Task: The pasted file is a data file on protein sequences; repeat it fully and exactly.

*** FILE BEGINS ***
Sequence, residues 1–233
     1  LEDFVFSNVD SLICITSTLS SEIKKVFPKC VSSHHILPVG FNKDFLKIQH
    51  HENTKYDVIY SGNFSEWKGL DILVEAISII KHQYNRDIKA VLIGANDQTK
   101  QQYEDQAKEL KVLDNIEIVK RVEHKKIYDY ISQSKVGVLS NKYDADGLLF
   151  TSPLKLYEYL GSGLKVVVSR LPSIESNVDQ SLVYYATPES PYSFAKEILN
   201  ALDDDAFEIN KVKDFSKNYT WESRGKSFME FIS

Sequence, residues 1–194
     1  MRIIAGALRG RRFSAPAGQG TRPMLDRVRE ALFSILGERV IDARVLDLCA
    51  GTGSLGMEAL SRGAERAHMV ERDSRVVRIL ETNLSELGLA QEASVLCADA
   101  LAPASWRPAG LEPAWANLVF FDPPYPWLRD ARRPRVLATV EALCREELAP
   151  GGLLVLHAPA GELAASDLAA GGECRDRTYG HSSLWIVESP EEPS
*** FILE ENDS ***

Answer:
Sequence, residues 1–233
     1  LEDFVFSNVD SLICITSTLS SEIKKVFPKC VSSHHILPVG FNKDFLKIQH
    51  HENTKYDVIY SGNFSEWKGL DILVEAISII KHQYNRDIKA VLIGANDQTK
   101  QQYEDQAKEL KVLDNIEIVK RVEHKKIYDY ISQSKVGVLS NKYDADGLLF
   151  TSPLKLYEYL GSGLKVVVSR LPSIESNVDQ SLVYYATPES PYSFAKEILN
   201  ALDDDAFEIN KVKDFSKNYT WESRGKSFME FIS

Sequence, residues 1–194
     1  MRIIAGALRG RRFSAPAGQG TRPMLDRVRE ALFSILGERV IDARVLDLCA
    51  GTGSLGMEAL SRGAERAHMV ERDSRVVRIL ETNLSELGLA QEASVLCADA
   101  LAPASWRPAG LEPAWANLVF FDPPYPWLRD ARRPRVLATV EALCREELAP
   151  GGLLVLHAPA GELAASDLAA GGECRDRTYG HSSLWIVESP EEPS